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View Diary: Healthcare Reform: What a Week (236 comments)

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  •  A variety of private plans won't help me (1+ / 0-)
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    Karl Rover

    unless there's a requirement that one plan or another must accept all comers?  After the state of Cal forbade the insurers from using health status, etc. to calculate premiums, the market tightened drastically, so now most people who apply after their 20s can't get coverage.  Instead of "rating" or overcharging those with preexisting conditions, the insurers now simply refuse to cover them in the first place.

    I can apply to all of those generous-yet-not-goldplated programs, but I will be turned down by all of them.  Again, I'm uninsurable.  That's why I need a public option (if I can't have single payer).

    Hike On! (formerly Healthy Minds & Bodies), discussing outdoor adventures Tuesdays 5 PM PDT

    by RLMiller on Mon Aug 10, 2009 at 08:45:37 AM PDT

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    •  Whoa! (0+ / 0-)

      That's the entire point of the legislation -- that insurers can't turn you down or refuse to cover certain pre-existing conditions and must rate your premiums according to the criteria I described above.  Every single bill -- including the Finance Cmte. bill (although that bill is a lot weaker because of the amount which insurers are allowed to vary premiums by age) -- has these provisions.

      •  I just slugged through Baucus' 98 pg opus (0+ / 0-)

        (specifically, pp 27-35 or thereabouts) and it's not going to help me.  The insurers in the exchange who have to cover me can rate me, which means that my premiums would be sky high and I can continue to be gouged by for-profit insurers.  This accords with common sense; any centrist/conservative/free-market plan permits insurers an out, either to refuse to underwrite, or to charge a lot for underwriting.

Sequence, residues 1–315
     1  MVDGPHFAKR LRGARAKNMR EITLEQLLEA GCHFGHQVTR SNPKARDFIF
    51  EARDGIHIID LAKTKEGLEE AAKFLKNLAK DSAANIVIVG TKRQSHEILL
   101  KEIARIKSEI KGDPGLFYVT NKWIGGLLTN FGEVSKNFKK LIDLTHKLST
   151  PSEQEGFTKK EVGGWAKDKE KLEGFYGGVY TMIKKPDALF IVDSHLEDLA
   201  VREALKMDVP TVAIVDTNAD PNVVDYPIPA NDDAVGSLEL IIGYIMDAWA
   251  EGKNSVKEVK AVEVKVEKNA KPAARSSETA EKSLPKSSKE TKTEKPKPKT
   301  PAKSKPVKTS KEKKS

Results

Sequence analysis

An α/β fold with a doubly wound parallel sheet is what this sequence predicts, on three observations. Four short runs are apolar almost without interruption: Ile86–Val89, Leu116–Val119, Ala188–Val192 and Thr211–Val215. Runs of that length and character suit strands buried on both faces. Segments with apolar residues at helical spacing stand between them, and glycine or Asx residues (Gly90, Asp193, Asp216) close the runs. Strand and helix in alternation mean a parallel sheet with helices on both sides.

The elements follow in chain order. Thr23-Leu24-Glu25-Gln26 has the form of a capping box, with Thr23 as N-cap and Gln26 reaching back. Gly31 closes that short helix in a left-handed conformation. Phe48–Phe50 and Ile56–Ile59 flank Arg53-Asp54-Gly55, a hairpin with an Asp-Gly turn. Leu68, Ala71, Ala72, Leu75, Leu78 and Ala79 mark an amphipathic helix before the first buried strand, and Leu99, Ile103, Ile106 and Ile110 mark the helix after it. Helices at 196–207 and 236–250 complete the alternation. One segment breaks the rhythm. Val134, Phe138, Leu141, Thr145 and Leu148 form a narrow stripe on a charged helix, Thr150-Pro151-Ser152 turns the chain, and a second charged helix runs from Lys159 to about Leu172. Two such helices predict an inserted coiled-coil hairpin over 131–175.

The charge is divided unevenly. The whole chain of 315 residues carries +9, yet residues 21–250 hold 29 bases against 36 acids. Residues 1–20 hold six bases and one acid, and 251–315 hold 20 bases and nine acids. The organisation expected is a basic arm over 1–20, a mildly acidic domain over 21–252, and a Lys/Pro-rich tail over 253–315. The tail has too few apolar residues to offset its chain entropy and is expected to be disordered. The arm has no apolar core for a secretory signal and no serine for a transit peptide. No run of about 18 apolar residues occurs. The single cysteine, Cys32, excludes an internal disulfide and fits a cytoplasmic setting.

I also don't like Baucus' plan for reasons mentioned by others on this site, e.g., it simply adds another layer of bureaucracy to already-bloated insurance bureaucracies.

        Hike On! (formerly Healthy Minds & Bodies), discussing outdoor adventures Tuesdays 5 PM PDT

        by RLMiller on Mon Aug 10, 2009 at 09:43:45 AM PDT

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        •  The insurance company can't rate you ... (0+ / 0-)

          ... for anything except your geographic region, your family structure, and your age.  That's the heart of the Baucus legislation, although again, the limitation to age variation (5:1) is way, way too weak.

          As for your last point, there will never, ever be just a relationship between you and your doctor.  There will always be some insurance company or government beauracrat in between you and your doctor who tells you what treatments the insurance company or government is and is not willing to pay for the full cost; i.e., no insurance company or government beauracrat is going to say that they are willing to spend $450,000 to extend your life at most another six months when there are plenty of people waiting in line to get surgery for chest pain or a bad back.

          •  Ummm... (0+ / 0-)

            you're saying one thing, but Senator Baucus' "Call to Action" pdf says another.  I haven't read the bill, so if you can point out exactly where the bill contradicts the pdf and says that I must be covered and can't be charged an exorbitant rate, I'll withdraw.  However, the pdf that I read does say that insurers who must cover people in the exchange can rate them.  The pdf is in line with media and blog discussions of the Baucus plan, i.e., any conservative/free-market/pro-insurer plan will ensure that insurers reserve either the right to refuse to insure or to charge a lot to insure.

            Also, please read my above comment before setting up a strawman.  I stated that the Baucus plan adds another layer of bureaucracy.  In other words, I'm not saying I expect no bureaucracy -- but the Baucus plan adds a fourth participant, the exchange bureauracy, into the patient-doctor-insurer bureaucrat triangle.

            Hike On! (formerly Healthy Minds & Bodies), discussing outdoor adventures Tuesdays 5 PM PDT

            by RLMiller on Mon Aug 10, 2009 at 10:26:58 AM PDT

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